Finding Your Niche

“It’s all about finding your niche.”

These were the words BBC anchor Rico Hizon told me during a writing forum sponsored by The Philippine Star last Saturday which includes writer Butch Dalisay, National Bookstore’s Miguel Ramos and award winning filmmaker Pepe Diokno.

Niche, Hizon says means a field or interest that you can excel. In his case, it was business and financial news that paved way for his career in international media. He also advised to new media practitioners like me to continue improve my craft just like he does by going to the BBC School of Journalism for training every year.
Essentially the topic is all about writing as a profession but the topic during the forum has expanded for me in Philippine setting which I decided to tackle in my latest writing.

It occurred to me that finding a niche is what the Philippines needs. Both Hizon and Dalisay mentioned marketing as an essential tool if one must go out there to field him or herself in writing. Good marketing is what this country needs not just in tourism, business and arts but as an overall. But unfortunately, this is not the case.

Marketing involves money and money is what this country lacks or lack thereof. With the recent happenings in the country, Filipinos wonder how we can market with all the red tape and corruption.

We have good marketers. They can market the country all over the world but they must think and think with various strategies in mind. Still fresh from the Pilipinas Kay Ganda fiasco, marketing guys must look from an international point of view such as language and infrastructure. Figures are essential event the most basic ones such as how many is the population, the interest, GDP and all. It all plays a factor to finding the niche.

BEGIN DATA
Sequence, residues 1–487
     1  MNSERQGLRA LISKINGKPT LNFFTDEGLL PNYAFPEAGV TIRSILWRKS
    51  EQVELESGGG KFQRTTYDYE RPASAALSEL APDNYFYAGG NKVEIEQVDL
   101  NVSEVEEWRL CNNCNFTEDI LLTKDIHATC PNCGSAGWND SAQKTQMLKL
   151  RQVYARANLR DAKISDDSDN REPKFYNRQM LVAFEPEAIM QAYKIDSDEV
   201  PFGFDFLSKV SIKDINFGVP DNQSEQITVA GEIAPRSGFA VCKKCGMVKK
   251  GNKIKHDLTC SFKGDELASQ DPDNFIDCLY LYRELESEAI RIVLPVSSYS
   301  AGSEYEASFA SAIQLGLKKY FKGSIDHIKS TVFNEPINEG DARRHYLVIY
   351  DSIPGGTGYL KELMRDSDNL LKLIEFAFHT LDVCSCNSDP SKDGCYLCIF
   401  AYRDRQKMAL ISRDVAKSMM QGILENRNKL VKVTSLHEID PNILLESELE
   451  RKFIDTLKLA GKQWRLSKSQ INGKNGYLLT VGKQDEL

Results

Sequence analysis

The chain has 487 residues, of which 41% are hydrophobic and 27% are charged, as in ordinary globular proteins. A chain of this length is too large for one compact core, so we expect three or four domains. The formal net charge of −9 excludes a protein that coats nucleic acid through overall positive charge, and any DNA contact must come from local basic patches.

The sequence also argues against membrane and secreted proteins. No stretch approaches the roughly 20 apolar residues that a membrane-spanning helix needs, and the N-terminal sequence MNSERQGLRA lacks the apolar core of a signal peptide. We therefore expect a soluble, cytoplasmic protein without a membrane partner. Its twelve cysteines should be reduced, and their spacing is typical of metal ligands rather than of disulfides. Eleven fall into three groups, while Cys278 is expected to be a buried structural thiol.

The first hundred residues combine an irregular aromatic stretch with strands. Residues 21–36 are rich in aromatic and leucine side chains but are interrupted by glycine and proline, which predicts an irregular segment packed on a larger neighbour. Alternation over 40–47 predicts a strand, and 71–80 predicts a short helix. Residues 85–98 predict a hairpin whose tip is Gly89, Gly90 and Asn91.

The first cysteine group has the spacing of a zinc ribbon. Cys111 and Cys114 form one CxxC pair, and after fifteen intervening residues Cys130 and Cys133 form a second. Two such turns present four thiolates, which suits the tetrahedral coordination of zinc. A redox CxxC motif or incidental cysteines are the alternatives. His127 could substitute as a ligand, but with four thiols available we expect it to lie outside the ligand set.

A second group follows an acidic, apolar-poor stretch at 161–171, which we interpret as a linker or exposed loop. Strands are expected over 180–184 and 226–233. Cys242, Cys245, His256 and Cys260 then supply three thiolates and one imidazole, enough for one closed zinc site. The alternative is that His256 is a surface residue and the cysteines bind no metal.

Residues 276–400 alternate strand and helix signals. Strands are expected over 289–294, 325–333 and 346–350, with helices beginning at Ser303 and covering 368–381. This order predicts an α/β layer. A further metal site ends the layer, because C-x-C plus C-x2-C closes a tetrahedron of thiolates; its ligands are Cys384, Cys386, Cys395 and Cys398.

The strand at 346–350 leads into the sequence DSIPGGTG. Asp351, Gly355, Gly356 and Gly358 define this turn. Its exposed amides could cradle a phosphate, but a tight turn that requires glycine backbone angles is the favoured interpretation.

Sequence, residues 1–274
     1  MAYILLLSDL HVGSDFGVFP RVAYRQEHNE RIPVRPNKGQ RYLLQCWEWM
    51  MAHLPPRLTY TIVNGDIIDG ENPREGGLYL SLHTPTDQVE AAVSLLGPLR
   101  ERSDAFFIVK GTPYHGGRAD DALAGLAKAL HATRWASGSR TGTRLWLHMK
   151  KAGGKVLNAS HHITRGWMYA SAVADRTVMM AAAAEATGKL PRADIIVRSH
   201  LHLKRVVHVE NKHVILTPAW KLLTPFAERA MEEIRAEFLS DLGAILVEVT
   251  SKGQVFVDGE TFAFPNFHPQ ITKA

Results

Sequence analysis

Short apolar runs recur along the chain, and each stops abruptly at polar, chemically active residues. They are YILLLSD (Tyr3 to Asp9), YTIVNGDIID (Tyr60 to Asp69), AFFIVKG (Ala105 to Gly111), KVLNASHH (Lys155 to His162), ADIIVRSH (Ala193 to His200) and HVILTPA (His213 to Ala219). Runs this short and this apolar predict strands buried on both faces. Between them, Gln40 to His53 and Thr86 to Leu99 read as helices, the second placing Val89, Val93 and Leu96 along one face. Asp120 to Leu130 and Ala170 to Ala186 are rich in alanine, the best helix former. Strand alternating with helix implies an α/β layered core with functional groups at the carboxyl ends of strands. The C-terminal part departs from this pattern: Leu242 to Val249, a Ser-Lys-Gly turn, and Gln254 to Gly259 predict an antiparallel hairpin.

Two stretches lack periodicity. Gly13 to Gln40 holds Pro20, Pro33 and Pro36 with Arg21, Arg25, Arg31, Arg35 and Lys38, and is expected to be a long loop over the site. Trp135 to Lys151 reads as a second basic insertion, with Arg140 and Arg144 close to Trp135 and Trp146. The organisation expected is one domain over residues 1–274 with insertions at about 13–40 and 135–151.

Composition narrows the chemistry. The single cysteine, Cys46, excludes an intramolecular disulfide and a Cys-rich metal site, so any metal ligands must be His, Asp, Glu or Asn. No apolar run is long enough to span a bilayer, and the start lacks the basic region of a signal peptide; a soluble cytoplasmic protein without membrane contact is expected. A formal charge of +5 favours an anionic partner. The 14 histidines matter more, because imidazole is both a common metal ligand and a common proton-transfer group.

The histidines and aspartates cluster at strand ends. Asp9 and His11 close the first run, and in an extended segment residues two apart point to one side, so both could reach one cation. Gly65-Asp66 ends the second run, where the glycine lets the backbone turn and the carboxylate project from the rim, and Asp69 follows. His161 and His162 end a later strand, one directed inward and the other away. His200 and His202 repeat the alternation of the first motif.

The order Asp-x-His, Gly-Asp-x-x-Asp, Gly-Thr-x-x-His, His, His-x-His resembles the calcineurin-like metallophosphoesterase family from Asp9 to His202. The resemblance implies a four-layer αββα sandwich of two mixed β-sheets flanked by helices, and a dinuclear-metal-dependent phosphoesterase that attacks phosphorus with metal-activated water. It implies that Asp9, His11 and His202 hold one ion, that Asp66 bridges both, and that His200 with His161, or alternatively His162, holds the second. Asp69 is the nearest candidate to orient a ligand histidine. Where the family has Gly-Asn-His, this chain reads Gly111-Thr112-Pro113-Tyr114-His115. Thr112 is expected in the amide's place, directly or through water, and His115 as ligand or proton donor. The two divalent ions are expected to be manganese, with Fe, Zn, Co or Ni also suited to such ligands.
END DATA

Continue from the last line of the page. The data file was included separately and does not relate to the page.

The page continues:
We have all been saying that we have the most beautiful beaches in the world, Boracay being the top destination but how can we accommodate if accessibility and accommodations are not properly addressed? Places such as Batanes, Siguijor, Camguin Islands and Bantayan Islands are good places to visit but transportation is a problem. Accessibility is very important if we want foreigners to visit and I believe we should not discount the fact that the Filipino is also a market to watch, now that flying has become a lifestyle to many.

We must address a niche, a niche that many have tended to over look. If we address the niche, then we have reached the level of the countries that we envy and who knows, they will envy us in the end.

alexa

  • Bert

    If Pres. Noynoy can deliver 80% of his election promises then the next administrations after him follow his footsteps then we can proudly say we have found our niche, at last.

    • UP nn grad

      If Pres Noynoy can reduce revenue-leakage (smuggling, tax-evasion, plunder) by 10% by end-2012 and by 30% by end-2015…. whooopee-dooooweee, he can have his “pabaon” of P100Million, Pinoys-in-Pilipinas won’t complain and there won’t be a Truth Commission-2017 trying to chase him down.

  • manuelbuencamino

    you don’t have to find your niche, doing what you like is your niche, that’s where you can hope to excel. But that’s the hard part – being the best in something that others also like to do and are doing their best to excel.

  • What’s our biggest export? People. What is our most valuable industrial input? Labour-added-value.

    In short, our niche is people and labour.

    The challenge is to UPGRADE these into premium offerings to the market from the current low-grade commodity prices these command.

    It’s simple, really™ 😉

    • manuelbuencamino

      That’s not simple. That’s simplistic.

      These people we export, are they a monolithic labor force? No? So what do you upgrade?

      Also, you seem to believe that export oriented growth is the way to go. Is it really the holy grail of economic development?

      Do you think that there is something to the domestic oriented development of an inland chinese region because it went through the global depression better than the coastal export oriented chinese regions?

      And how about India, its industries look inward rather than outward, good or bad?

      The riches businessmen in the Philippines are not exporters of anything, they cater to domestic demand. Is there something there that we may have missed because of our simplistic analysis?

      • UP nn grad

        Knowing what it takes to upgrade the labor force is not that hard. Two things come quickly to mind — education, skills, and health. There — you can pick two so it really is easy to remember.

        Does Malacanang have the money to do education, skills, and health? Will Malacanang raise taxes to do skills and health? Different questions.